# C=O and C=C antibonding orbitals

Why is the pi star orbital of the C=C bond higher in energy than the antibonding pi orbital of the C=O bond?

I thought it was the other way around; it's relatively easy to add something to a C=C alkene bond (i.e. halogenation) but halogenation with diatomic halogens doesn't occur with C=O bonds.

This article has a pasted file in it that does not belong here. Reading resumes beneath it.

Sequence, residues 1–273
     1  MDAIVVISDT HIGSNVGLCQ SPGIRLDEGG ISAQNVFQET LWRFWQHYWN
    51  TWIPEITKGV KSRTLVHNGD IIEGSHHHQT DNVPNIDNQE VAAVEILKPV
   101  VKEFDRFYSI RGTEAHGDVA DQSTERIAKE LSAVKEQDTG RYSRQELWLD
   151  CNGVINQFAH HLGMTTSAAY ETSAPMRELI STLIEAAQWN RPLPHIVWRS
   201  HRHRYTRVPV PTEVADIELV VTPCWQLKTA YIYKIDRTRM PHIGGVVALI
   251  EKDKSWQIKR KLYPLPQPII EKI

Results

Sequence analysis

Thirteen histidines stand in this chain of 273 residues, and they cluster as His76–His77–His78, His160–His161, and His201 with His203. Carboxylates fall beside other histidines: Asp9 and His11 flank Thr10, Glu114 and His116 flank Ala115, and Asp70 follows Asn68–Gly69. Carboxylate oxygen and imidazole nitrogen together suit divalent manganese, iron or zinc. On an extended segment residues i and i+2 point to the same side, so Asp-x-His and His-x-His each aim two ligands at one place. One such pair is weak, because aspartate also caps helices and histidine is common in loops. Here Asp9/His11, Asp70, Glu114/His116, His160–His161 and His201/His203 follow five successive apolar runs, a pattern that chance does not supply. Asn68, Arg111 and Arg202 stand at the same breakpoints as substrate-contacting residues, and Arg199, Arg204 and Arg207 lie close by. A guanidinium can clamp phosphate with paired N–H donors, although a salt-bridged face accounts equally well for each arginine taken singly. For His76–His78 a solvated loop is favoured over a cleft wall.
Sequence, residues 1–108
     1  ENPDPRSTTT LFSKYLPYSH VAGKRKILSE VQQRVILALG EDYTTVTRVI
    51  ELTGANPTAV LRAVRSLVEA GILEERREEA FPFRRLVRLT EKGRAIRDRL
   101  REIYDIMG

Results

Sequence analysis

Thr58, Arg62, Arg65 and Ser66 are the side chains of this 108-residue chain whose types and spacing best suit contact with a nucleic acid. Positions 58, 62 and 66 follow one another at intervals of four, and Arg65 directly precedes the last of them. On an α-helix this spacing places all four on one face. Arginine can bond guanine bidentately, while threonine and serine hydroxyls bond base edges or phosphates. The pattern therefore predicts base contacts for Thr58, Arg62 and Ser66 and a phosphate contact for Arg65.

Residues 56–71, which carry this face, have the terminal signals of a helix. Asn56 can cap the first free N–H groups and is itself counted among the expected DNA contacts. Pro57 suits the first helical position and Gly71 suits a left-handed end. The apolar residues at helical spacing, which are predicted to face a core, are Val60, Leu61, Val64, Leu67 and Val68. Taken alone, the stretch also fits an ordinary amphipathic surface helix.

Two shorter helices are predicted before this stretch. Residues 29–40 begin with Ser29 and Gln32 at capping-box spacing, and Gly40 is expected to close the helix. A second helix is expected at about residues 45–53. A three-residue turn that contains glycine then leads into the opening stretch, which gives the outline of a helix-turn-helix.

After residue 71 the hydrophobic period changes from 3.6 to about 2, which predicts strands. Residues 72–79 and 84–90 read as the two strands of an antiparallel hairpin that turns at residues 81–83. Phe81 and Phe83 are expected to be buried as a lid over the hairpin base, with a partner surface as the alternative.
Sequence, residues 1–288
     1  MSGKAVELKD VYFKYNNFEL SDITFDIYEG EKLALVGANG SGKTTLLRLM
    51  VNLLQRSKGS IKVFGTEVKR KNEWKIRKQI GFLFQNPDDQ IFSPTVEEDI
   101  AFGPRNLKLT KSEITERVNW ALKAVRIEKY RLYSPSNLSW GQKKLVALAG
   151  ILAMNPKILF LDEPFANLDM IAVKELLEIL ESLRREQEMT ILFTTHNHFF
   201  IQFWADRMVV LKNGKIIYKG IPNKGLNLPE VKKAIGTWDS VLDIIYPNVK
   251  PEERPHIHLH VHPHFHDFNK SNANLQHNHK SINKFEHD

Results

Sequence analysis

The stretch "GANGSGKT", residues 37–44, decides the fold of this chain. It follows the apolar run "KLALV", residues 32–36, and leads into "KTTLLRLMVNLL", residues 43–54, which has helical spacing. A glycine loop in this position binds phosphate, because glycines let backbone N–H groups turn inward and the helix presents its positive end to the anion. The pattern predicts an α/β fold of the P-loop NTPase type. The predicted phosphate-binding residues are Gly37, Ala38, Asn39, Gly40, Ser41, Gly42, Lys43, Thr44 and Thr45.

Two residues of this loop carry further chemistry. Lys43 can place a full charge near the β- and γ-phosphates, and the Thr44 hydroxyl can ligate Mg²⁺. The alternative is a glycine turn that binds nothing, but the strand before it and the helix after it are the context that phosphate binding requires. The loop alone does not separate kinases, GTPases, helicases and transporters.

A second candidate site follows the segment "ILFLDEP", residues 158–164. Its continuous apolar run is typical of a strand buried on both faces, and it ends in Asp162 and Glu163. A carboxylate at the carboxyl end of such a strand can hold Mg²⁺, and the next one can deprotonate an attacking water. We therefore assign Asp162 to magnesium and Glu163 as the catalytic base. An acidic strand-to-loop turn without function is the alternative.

• With halogenation it is not the $\pi^{*}$ but the $\pi$ orbitals that are involved in the reaction with e.g. $\ce{Br2}$ because the alkene is acting as a nucleophile here. And because $\ce{O}$ is more electronegative than $\ce{C}$ it should be logical that $\pi$ is lower in energy for $\ce{C=O}$ than for $\ce{C=C}$. – Philipp Oct 27 '14 at 16:45